Because a family farm, is about family….

Tonite I wrote my mother’s obituary.

It’s funny, a few weeks ago, I tried to write an update on what was going on with the farm since the fire….even have a draft saved…but I couldn’t get into it.  Seemed too depressing. The costs.  The overwhelming prospect of building new barn.  The overwhelming amount of work starting back from almost scratch.  How ironic that seems now.

So instead, I’m writing about my mother, who passed away this past Monday, perhaps not suddenly…as her health had been declining for a while, but not expected either.  We had hope she could get better still.  But it was not to be. And God dammit!  It just fucking sucks.

My mother wasn’t born to the farm.  She was a city girl actually.  Grew up in the big city of “Spokane, Wash.”   Her father was a railroad man and her mother was a quintessential 50s housewife and loved everything new-fangled and shiny.  Microwave? Gotta have it!  Pre-canned food?  A miracle!  Her house was spotless an she hated dirt and dirty dirty icky outside things.  (childhood game…want to make grandma scream hysterically and jump onto a chair??? yell “mouse!”).

So when my mother met my father, the quintessential farmer, rancher, all around independent, adventuring, small town guy. she was blown away.  Okay, well…that happened eventually.  Her first impression was something was wrong with him and she felt bad for him so agreed to go out on a date.

Dad calling mother for first date..

Phone rings.

Mother:  Hello?

Father (speaking very very slowly): “Hello…..May I speak with Renee Widner.”

Mother:  “This is Renee.”

Father:  “Would you go out on a date with me?”

Mother:  “Yes.”

Father:  “Thank you for agreeing.  I will pick you up Saturday night.”

Mother:  “Okay.”

Father:  No response, hangs up phone.

My mom said it sounded like he was reading from a script.  Turns out he was.  Dad was never very comfortable with phones, he had grown up with the “community line” phone system that involved having the operator connect you and about 12 other lines in the whole town.  He still isn’t too comfortable with phones actually and he is likely to end a conversation with “okay” and then just hang up. Did it to me today actually.

Anyways, mom was charmed.  She had never met “ANYONE like your father” she told me once.  And so they married.  And she moved to the farm and mom became a farmer’s wife.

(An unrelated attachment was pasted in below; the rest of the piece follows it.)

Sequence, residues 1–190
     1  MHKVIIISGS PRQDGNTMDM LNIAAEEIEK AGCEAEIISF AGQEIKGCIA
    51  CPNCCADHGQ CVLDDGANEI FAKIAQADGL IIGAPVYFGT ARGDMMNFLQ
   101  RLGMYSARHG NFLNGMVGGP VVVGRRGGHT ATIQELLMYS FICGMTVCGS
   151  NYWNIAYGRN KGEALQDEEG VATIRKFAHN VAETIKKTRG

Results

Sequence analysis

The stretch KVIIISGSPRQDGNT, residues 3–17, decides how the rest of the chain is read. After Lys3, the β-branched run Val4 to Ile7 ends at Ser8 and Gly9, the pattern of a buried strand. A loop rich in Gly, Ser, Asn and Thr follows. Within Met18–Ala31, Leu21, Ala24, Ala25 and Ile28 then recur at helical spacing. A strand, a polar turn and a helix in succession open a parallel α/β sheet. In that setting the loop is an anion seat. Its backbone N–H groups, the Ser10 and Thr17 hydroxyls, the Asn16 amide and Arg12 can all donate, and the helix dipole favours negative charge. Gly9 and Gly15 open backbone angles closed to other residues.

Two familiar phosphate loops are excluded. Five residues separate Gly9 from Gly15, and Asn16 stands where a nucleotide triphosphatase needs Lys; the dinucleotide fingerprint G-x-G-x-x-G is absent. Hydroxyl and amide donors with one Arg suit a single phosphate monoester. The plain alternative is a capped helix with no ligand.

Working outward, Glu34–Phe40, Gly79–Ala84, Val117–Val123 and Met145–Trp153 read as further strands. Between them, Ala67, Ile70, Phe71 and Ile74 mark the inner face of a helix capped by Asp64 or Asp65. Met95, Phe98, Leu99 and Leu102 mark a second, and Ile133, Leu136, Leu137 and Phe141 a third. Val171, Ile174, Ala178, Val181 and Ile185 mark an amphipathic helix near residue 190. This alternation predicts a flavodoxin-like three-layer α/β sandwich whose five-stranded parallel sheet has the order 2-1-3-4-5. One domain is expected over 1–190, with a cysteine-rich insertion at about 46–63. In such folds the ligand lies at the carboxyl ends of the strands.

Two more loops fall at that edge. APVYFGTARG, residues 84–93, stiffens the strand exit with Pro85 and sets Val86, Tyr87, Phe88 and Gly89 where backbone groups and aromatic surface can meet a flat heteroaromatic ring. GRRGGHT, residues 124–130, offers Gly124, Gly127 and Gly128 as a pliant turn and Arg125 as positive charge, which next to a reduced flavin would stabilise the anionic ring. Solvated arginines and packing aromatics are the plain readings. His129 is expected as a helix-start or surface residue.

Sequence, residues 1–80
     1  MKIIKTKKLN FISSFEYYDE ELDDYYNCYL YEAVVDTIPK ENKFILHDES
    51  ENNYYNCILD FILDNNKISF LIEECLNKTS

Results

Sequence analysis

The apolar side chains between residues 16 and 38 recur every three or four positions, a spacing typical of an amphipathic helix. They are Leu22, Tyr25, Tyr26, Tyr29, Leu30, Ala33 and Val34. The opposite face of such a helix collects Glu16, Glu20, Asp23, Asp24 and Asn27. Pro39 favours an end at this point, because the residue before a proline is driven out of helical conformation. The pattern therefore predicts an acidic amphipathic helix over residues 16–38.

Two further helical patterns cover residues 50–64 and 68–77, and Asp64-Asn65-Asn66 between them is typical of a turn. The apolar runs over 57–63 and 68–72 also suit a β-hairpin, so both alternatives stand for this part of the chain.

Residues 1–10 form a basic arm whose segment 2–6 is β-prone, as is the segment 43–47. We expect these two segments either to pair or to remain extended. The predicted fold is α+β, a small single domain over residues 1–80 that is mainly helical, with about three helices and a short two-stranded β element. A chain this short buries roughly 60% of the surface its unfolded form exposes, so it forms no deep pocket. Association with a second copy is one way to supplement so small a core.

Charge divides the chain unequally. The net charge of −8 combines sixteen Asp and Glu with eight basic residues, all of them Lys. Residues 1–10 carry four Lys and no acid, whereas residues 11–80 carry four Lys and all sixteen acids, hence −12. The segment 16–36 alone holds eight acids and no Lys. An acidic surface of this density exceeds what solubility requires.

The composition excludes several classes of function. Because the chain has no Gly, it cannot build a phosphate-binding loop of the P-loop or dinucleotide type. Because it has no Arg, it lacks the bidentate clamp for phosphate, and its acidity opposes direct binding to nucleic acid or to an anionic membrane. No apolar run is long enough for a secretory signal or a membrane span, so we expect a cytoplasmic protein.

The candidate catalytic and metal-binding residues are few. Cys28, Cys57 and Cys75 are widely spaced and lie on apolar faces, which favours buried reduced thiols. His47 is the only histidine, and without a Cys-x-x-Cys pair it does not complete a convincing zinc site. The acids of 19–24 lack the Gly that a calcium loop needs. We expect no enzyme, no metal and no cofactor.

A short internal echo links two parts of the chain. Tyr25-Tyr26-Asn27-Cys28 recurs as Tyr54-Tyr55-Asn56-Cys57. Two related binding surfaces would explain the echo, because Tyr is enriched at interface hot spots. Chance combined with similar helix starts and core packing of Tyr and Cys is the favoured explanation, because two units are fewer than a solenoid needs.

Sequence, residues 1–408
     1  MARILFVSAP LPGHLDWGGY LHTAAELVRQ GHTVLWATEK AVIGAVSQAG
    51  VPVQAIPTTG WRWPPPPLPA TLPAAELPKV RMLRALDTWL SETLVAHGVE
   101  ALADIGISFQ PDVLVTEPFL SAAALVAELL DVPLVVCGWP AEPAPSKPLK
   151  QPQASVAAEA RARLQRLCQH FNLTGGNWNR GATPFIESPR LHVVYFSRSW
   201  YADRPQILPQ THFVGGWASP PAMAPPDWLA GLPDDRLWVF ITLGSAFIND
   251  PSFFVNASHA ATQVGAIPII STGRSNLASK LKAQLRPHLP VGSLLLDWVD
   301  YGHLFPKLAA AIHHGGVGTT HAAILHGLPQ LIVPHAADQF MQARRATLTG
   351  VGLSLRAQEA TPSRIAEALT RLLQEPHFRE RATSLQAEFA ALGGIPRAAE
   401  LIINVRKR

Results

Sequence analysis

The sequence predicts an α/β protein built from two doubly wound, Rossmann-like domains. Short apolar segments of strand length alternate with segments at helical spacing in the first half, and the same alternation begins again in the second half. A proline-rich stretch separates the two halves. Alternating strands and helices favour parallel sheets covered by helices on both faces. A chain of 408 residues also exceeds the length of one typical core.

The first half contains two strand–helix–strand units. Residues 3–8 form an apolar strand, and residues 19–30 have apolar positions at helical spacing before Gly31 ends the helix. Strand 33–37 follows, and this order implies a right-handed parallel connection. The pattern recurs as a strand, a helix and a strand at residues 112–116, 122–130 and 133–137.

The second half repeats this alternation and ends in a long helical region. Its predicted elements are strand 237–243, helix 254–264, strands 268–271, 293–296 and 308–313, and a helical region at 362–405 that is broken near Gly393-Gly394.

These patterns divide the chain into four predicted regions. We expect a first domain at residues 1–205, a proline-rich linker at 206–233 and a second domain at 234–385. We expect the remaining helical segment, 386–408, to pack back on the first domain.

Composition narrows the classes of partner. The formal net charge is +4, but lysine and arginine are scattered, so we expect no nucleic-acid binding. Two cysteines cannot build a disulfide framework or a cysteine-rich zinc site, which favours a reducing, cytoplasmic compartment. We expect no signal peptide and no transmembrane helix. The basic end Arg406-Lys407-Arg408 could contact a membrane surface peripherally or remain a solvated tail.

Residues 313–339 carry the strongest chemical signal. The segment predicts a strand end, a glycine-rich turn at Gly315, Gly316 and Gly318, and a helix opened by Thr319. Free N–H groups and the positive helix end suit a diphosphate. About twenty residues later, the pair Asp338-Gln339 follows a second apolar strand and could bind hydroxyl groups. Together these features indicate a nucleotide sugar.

She soon found out it was tough.  Dad farmed when they first moved onto the family land in 1971.  This was about when I was born and a year after my grandfather had died.  Dad and his brother Steve took over the farm and tried a series of farming schemes, to not much success.  They ran some cattle for a while.  They tried a u-pick pea patch (tons of peas, no u-pickers).  They grew grain and Dad said they grossed $50 an acre.  Farming was tough.  They had two inheritance tax bills from the passing of my grandfather and then his brother in 1970 and 71 and they thought they were gonna lose the entire farm, about 400 acres in that day and age.  Then eventually, in 1979, they sold out all but the 20 acres around the family homestead (where Willowood Farm is today) to the U.S. Government and that was the formation of the Ebey’s Landing National Historic Reserve.  Well, it was a lot more complicated than that, but that’s the short and sweet version.

Anyways,  I never thought to ask my mom if she resented living through all that.  Signing on to be a farmers wife, it couldn’t have been easy.  I know sometimes I think about my own husband, who signed on to be a “farmer’s husband.”  And how much of my time, attention (and money) that has cost him over the years.  Like my husband does, my mother worked off the farm (she was a school teacher and then librarian) and some years was the primary source of income.  (Though we have always said my dad has saved us a million dollars, maybe more, over the years in repair and building stuff costs!).